Canada boycotts UN arms talks over North Korea role

Image source, AP
Image caption,
The UN has accused North Korea of selling weapons to Iran, Syria and Burma

Canada is withdrawing from a UN nuclear disarmament conference in protest of North Korea's presidency of the body, the Canadian foreign minister has said.

In Ottawa on Monday, John Baird said it was "absurd" that North Korea had taken the rotating presidency of the Conference on Disarmament.

The presidency of the 65-member-nation conference rotates every four weeks.

In May, a UN panel accused North Korea of exporting nuclear and missile technology in violation of sanctions.

Integrity 'undermined'

"North Korea is simply not a credible chair of a disarmament body," Mr Baird said in a statement.

"The regime is a major proliferator of nuclear weapons and its non-compliance with its disarmament obligations goes against the fundamental principles of this committee. This undermines the integrity of both the disarmament framework and the UN. Canada will not be party to that."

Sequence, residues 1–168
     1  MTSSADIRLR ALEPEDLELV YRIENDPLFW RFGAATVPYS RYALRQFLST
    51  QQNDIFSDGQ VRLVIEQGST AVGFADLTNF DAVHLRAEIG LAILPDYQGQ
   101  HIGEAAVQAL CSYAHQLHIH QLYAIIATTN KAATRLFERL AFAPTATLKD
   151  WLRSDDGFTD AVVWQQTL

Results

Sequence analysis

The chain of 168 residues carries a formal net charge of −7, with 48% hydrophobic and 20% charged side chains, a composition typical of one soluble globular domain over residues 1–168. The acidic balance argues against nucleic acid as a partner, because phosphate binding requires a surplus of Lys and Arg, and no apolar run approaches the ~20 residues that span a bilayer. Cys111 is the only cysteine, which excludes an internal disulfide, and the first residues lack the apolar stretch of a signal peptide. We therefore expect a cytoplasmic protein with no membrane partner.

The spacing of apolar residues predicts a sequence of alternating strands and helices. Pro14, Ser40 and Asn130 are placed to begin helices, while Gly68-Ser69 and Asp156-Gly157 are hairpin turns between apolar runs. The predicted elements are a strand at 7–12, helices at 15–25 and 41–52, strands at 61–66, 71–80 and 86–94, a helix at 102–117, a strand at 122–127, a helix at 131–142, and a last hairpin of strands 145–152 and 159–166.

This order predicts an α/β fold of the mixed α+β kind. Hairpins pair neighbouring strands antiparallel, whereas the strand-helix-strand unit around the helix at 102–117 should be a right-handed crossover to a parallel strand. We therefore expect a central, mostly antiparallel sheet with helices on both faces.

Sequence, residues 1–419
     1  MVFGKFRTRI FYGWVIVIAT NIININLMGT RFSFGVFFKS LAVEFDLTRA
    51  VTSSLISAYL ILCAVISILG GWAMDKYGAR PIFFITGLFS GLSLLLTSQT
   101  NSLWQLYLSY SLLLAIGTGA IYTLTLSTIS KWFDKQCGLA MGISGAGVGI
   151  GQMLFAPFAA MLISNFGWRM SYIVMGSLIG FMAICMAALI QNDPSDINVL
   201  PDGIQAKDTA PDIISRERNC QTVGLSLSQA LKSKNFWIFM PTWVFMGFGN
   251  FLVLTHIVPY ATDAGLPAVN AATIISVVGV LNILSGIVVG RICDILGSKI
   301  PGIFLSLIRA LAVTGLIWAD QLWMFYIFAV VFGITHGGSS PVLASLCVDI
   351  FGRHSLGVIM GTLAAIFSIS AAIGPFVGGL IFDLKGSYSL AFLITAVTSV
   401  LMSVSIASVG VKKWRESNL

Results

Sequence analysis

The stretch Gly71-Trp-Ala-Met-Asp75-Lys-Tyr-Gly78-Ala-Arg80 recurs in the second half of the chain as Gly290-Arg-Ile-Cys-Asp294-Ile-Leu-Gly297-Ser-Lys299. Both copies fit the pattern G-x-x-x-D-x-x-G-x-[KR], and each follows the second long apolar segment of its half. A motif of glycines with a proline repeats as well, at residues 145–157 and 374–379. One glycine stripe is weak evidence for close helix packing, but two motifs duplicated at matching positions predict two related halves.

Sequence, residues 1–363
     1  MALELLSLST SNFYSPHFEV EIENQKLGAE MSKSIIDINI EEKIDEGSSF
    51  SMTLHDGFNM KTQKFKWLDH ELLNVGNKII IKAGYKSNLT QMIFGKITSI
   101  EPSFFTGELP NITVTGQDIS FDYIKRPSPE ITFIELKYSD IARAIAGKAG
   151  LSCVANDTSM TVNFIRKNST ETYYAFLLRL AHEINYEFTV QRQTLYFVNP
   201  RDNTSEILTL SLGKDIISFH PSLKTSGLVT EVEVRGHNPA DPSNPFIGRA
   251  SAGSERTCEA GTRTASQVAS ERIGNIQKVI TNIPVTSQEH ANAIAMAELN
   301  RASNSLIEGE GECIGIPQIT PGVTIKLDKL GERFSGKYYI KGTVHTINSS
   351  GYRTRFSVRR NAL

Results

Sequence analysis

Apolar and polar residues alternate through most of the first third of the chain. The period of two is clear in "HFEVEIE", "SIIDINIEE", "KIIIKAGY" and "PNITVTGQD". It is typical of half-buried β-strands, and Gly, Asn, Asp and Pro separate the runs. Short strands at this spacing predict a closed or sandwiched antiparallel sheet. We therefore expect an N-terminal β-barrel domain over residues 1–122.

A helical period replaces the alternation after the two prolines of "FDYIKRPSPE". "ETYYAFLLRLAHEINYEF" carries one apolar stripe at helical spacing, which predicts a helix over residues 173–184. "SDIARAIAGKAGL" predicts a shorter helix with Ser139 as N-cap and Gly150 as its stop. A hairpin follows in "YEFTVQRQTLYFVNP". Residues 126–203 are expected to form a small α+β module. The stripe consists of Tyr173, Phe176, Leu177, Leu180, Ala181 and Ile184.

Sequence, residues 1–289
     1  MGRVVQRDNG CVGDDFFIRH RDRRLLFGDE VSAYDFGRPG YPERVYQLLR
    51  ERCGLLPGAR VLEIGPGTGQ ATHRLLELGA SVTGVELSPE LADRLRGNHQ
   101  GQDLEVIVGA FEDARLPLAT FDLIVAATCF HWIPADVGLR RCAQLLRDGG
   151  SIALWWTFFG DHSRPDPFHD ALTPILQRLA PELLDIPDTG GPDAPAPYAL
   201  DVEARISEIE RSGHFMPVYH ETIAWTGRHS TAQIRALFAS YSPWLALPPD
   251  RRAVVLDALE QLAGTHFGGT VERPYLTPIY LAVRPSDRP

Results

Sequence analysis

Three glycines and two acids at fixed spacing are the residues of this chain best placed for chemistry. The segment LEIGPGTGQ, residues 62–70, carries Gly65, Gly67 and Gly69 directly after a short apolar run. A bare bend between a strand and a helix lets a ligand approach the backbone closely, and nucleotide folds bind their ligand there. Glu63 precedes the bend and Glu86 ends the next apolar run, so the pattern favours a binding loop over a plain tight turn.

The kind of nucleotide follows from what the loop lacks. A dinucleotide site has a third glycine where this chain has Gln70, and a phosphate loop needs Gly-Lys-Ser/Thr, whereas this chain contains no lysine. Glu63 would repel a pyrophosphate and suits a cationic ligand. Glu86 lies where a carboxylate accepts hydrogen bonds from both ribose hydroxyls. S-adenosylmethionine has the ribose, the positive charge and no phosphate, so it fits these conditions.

Image source, Reuters
Image caption,
Mr Baird said Canada would not "hesitate to take principled stands" on foreign policy decisions

North Korea's ascension this month to the presidency of the 32-year-old UN Conference on Disarmament was dictated by the body's rules.

Under those, the presiding country holds that position for four weeks before it rotates to another country.

Canada will resume its role on the 65-member body on 19 August, when North Korea's turn as president ends.

The US has indicated it did not plan to boycott the conference.

The May UN report said North Korea employed a number of "masking techniques" to export weapons to Iran, Syria and Burma in violation of a UN ban.

It said the country mislabeled shipping container contents, falsified information about the destinations of goods and used "multiple layers of intermediaries, shell companies, and financial institutions".

The Conference on Disarmament is the UN's sole forum for negotiating multilateral arms control and non-proliferation treaties.

Other non-proliferation efforts have been undertaken on Iran by the so-called P5+1 group of nations (US, Russia,China, France, Britain and Germany), and on North Korea through six-party talks involving regional powers.

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